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Latest GPS recommendation

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Latest GPS recommendation

Postby GlacierCountry » Mon Sep 16, 2013 9:11 pm

What GPS unit should I get given the most current models available? Primarily I peak bag. I want something that will be simple and lightweight. Want to be able to navigate if weather comes in and obscures the view. Would like to be able to download a trip to a computer and see it traced out on a topo map with stats such as distance and elevation change. Not sure I really need/want any other features. Cost not really a factor but I doubt I would use and any special features
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Re: Latest GPS recommendation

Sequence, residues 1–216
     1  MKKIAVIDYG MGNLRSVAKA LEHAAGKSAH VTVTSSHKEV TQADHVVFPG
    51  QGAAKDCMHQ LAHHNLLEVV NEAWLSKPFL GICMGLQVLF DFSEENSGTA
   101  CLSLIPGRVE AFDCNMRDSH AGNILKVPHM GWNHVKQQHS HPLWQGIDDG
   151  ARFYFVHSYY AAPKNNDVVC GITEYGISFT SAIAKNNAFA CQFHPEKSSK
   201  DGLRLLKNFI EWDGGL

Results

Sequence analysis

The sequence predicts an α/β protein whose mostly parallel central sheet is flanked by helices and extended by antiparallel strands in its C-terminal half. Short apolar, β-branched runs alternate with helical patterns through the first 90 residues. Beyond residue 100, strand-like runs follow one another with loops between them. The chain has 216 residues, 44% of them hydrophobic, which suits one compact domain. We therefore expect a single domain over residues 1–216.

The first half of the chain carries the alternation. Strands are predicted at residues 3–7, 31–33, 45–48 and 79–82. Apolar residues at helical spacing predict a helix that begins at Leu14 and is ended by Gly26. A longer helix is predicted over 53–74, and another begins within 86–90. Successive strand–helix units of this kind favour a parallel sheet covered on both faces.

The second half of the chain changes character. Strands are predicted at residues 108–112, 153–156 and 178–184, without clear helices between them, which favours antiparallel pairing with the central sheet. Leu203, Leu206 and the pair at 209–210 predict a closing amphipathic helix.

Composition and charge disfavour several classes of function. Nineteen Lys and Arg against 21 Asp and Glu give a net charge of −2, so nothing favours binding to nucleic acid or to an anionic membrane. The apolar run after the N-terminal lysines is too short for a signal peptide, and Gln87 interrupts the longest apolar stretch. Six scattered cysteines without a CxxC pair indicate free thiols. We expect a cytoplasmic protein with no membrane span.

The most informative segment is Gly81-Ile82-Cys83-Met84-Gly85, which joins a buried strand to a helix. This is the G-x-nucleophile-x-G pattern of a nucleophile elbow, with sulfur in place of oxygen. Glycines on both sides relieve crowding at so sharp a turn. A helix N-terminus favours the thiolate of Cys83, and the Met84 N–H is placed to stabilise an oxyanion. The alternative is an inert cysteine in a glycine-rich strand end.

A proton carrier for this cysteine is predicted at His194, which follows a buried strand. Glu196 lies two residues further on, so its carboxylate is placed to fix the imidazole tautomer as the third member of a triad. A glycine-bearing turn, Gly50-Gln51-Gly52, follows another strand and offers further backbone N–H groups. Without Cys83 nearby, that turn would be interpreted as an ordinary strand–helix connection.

Postby MoapaPk » Mon Sep 16, 2013 10:09 pm

I use a dedicated garmin 62stc. But there is much to be said for a simple smartphone with an external battery pack to put it past 3hrs of use. Smartphones typically have crappier antennas and inferior chipsets, but if you stay out of deep canyons and mainly go up peakbagging lumps, the smartphone-battery-pack combo may be lighter and cheaper. The mapping options for smartphones are often better.

Google earth has a good feature for elevation change, using the digital elevation model available (upload the track, then right-click on elevation profile, after setting terrain to most detailed).
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Re: Latest GPS recommendation

Postby skyward22 » Tue Sep 17, 2013 2:34 am

Will the GPS counterpart of a cell phone even work without a cell phone signal or wifi signal?

MoapaPk wrote:I use a dedicated garmin 62stc. But there is much to be said for a simple smartphone with an external battery pack to put it past 3hrs of use. Smartphones typically have crappier antennas and inferior chipsets, but if you stay out of deep canyons and mainly go up peakbagging lumps, the smartphone-battery-pack combo may be lighter and cheaper. The mapping options for smartphones are often better.